8 Ways to Be a Better Parent

Good news: It's the little things that really make a difference.

1. Avoid Comparisons and Labels

Mom and kids

Lenora Gim

You want to be the kind of parent who takes the time to instill in your child good manners, habits, and behavior. But how? And with controlled chaos ruling the day, every day, when? Relax: Good parenting happens in real time, on the spot, and in the moment. The trick is recognizing those moments when your actions and reactions can help your child learn and grow in the best possible ways. Here's help from top parenting experts -- and a few real moms.

Be Careful of Comparisons -- and Labels

Your best friend's 8-month-old son is babbling, while your daughter, at 9 months, is silent by comparison. Is there something wrong with your child? While it's never a bad idea to express your concerns to your pediatrician, don't equate developmental milestones with developmental deadlines. "Babies develop so rapidly that one set of abilities is bound to develop faster than another," says Harvey Karp, MD, author of The Happiest Toddler on the Block (Bantam), also available on DVD. "Look at your whole baby" when evaluating development, he suggests, a strategy that holds true for toddlers too: one 3-year-old may have fine-motor-control skills, handling a crayon with dexterity, for instance, while another may throw a ball better -- and that's normal.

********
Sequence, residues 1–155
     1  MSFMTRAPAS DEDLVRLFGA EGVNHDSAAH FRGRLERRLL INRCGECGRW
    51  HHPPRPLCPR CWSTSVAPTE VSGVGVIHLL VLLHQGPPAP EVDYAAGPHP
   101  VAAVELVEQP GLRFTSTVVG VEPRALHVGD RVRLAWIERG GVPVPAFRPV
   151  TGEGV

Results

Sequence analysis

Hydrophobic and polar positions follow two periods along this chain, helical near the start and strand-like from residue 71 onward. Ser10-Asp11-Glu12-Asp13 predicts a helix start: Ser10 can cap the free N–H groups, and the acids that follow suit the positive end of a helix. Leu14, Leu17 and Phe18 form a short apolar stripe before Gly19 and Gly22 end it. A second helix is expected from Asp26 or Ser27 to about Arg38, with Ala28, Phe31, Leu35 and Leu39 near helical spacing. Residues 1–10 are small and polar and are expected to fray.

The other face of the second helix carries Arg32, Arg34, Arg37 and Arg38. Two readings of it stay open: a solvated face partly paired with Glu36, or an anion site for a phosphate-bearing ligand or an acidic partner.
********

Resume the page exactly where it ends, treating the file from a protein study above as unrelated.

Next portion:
Taking into account the whole little person means factoring in temperament too. "It's important to consider who your child is, not just his age. For instance, if your child is naturally shy and quiet, it may be that he's not inclined to talk -- not that he can't," Dr. Karp says. "Listen to him at play when he's alone. He may babble happily then."

Among siblings, comparisons can lead to labels. "Our little scholar," you might say of your book-obsessed toddler, or "our wild child," of his energetic sister. Even labels meant to praise your children's differing abilities can be problematic. Siblings sometimes feel that if one brother "owns" the athlete label, the other brother isn't even going to try, for fear of falling short. And that "picky eater" label may fuel the very behavior you'd like to discourage. Sure, there'll be times when you'll find yourself describing your child's likes and dislikes. But when you do so, "reframe" your words, Dr. Karp suggests: try "energetic" (not "wild"), "spirited" (not "hyper"), and "careful" (not "shy").

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